As we linger and gaze, his work does not grow simpler, nor easier. St. John the Baptist naps unconcernedly in the wilderness; the little white lamb toward whom he desultorily gestures looks away. Meanwhile, an eerie, vile-looking spiny plant spills its seeds, pecked at by birds, and, rising up to bisect the saint’s body, it divides him in two with its thorny tentacles. Reading Bosch’s imagery beyond the conventional Christian iconography that inheres in it and grounds it, his art grows ever more layered, nuanced, and evocative of the metamorphic ways of being in the world that most of us try to avoid when we want to “be good.” In reminding us of that, and in stimulating fantasies in us and dreams and nightmares we have either put aside or never imagined at all, Bosch transcends his origins in town, century, and creed. And why should this be strange for an eccentric painter whose artistic process breaches all boundaries of animate and inanimate and reaches beyond time-worn categories of animal, vegetable, and mineral, and whose technique itself is a marvel of innovative luminosity? For this, we travel across the world. With his unreality, Bosch gives us what is truly real.
A long list of distinguished academics (including but in no special order Charles de Tolnay, Dirk Bax, Ludwig von Baldass, Laurinda Dixon, Jacques Combe, Walter Gibson) have devoted reams of scholarship to tracing the sources of Bosch’s arcane inventions. Oft cited are manuscript illuminations, bestiaries, local Netherlandish history, scenery, folklore, and proverbs, variations on conventional Christian iconography, astrology, alchemy, hermetic practices, even Tantrism; yet, the psychological aspects of his work with respect to its viewers over time have garnered scant notice.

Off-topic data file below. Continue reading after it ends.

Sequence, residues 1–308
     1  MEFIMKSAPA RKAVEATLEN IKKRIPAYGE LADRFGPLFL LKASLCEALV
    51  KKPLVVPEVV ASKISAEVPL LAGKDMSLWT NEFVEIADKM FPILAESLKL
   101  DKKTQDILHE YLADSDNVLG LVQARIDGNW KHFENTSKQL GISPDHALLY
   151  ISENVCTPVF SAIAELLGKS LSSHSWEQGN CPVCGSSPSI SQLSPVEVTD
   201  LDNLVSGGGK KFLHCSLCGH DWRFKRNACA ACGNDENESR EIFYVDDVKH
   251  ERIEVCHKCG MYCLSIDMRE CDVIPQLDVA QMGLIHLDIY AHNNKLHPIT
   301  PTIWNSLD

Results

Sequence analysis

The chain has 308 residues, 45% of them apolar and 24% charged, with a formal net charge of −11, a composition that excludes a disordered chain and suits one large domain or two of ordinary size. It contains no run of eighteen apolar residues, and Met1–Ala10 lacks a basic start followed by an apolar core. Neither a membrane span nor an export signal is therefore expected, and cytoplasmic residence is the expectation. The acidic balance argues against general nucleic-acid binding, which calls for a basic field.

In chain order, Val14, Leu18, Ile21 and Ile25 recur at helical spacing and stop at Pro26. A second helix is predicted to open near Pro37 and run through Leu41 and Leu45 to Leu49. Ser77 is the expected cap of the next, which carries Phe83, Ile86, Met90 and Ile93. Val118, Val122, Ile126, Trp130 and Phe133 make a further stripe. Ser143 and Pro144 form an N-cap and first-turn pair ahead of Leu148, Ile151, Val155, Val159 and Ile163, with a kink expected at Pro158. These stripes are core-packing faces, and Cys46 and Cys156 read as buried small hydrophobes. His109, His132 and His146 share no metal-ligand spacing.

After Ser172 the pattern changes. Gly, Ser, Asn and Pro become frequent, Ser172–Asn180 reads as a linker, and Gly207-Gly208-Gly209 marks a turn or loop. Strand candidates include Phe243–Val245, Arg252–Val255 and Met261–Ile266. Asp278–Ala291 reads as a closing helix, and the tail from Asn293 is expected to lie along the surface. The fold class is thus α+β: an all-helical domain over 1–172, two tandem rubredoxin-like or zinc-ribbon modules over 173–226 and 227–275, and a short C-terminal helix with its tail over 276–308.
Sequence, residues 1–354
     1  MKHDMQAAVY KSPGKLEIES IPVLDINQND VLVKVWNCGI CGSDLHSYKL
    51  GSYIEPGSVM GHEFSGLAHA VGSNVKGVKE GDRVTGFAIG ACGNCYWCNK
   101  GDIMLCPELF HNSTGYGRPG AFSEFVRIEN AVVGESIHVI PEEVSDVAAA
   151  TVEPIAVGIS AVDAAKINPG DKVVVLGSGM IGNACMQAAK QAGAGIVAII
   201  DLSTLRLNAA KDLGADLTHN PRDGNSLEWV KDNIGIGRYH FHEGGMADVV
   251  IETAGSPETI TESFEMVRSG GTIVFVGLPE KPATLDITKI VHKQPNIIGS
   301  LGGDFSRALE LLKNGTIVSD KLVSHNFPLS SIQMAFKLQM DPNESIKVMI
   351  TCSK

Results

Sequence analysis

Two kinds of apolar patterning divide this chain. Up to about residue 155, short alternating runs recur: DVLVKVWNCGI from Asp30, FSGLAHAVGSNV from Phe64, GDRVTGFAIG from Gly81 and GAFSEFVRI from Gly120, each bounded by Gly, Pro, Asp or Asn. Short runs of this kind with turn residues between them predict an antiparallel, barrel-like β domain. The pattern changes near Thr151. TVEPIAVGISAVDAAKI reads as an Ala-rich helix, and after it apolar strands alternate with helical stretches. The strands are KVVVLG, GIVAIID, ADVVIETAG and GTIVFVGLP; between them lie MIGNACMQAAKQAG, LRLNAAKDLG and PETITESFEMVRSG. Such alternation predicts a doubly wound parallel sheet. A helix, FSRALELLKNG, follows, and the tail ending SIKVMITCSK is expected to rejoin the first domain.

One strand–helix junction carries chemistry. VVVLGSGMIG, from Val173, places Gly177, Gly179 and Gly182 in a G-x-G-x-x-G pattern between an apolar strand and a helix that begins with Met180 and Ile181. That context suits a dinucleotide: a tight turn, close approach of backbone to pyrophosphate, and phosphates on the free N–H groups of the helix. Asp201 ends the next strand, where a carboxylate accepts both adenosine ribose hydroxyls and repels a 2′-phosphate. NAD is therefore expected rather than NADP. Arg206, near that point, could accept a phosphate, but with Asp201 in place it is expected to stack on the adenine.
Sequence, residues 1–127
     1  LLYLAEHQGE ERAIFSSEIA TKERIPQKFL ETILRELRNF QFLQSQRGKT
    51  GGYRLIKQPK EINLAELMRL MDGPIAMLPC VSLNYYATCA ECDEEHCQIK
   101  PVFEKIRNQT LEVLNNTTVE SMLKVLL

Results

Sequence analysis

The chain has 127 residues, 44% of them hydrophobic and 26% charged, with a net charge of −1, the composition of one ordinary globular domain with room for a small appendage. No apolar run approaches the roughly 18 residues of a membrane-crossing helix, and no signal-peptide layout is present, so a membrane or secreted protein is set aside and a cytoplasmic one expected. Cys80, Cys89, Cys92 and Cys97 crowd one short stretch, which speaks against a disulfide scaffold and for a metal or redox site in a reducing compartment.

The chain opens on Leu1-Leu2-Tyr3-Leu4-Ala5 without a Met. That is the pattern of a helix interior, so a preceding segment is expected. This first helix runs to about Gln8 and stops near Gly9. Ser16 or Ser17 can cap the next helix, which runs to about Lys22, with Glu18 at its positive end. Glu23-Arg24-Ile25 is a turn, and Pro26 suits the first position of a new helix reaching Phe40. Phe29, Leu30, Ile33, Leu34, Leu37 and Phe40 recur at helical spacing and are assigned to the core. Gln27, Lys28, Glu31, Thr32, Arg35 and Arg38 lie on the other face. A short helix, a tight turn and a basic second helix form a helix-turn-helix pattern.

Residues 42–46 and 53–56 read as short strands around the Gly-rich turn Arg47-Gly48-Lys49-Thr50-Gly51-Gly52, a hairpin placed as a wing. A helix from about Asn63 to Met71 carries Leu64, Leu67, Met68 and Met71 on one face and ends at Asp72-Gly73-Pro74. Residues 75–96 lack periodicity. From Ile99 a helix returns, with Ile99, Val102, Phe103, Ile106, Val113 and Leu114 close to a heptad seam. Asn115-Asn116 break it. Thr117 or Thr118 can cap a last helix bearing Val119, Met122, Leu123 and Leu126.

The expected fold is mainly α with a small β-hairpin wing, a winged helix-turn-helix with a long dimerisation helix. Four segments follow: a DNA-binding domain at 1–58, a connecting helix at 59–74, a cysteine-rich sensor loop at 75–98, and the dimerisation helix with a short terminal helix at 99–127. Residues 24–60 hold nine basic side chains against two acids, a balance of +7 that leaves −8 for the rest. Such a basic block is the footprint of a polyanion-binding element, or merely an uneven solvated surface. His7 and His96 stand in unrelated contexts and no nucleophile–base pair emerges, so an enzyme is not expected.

Bosch uses, I wish to suggest, a host of effective visual techniques to mitigate strong emotion; thus, it is not precisely terror of damnation per se, or evil, or wickedness itself to which we are privy, but rather a kind of free-associative chain of vignettes that never blindside us but remain conspicuously open and available to our interpretation. As a child, I felt this, and I see it still: the sexual and violent acts performed by these swarming masses of humans and quasi-humans upon one another are always taking place somewhere else, far away, in distant realms, and distance offers protection. Look also at how delicate, slender, even fragile, and almost ubiquitously hairless the bodies are, whether white or occasionally black. Their tapered feet and fingers might belong to dolls or manikins, rather than to potent, fleshly, lustful adults. Whereas their nudity embarrassed me as a child, it now seems more tender than lascivious.
Are these figures villains? Notice the vacuity of every face, which drains emotion from even the most sadistic acts. Does anyone in these little cameos, victim or perpetrator (categories not always kept apart in true Boschian style) actually care? Think, in the right panel of The Garden of Earthly Delights, of the armored helmeted knight with a golden goblet, out of which a white ball has rolled whose bloody body has already been half-eaten by six lizard-dogs, three green and the others gray; he shows no feeling of any kind. Should we? There is an insouciance as if a pageant were occurring: marionettes arranged by an invisible director on a richly appointed stage. Always two-dimensional. Bosch gives us occasional depth, but mostly we remain on the surface of the picture plane, and this too keeps us from being pulled in.